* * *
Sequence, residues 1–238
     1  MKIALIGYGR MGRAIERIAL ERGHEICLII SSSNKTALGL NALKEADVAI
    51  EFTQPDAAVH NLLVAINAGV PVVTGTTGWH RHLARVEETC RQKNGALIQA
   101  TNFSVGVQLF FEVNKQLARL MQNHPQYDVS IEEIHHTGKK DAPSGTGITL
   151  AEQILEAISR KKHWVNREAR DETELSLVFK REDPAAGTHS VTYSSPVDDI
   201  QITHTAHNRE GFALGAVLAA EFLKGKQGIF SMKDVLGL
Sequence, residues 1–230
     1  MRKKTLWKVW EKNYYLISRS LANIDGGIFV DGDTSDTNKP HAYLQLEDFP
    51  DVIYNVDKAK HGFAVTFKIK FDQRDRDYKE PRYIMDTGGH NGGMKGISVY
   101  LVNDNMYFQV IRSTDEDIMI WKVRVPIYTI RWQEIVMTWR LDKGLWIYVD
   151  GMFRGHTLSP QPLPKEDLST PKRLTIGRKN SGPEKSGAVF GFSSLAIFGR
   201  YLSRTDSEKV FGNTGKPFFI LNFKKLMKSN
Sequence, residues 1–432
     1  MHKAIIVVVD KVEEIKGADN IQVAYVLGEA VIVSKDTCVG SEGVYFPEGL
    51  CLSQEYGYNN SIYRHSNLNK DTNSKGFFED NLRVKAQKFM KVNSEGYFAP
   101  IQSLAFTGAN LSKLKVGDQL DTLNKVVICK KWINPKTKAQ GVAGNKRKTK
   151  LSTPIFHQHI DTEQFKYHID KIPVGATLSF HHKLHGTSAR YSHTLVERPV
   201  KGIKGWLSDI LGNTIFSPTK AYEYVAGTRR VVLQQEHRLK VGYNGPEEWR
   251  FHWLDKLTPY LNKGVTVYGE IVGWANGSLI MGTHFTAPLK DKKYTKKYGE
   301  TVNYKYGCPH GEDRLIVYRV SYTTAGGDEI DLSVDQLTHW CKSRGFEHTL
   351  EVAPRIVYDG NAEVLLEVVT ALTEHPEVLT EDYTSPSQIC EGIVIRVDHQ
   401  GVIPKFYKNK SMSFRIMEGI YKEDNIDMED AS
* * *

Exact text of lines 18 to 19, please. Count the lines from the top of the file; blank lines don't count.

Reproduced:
   201  KGIKGWLSDI LGNTIFSPTK AYEYVAGTRR VVLQQEHRLK VGYNGPEEWR
   251  FHWLDKLTPY LNKGVTVYGE IVGWANGSLI MGTHFTAPLK DKKYTKKYGE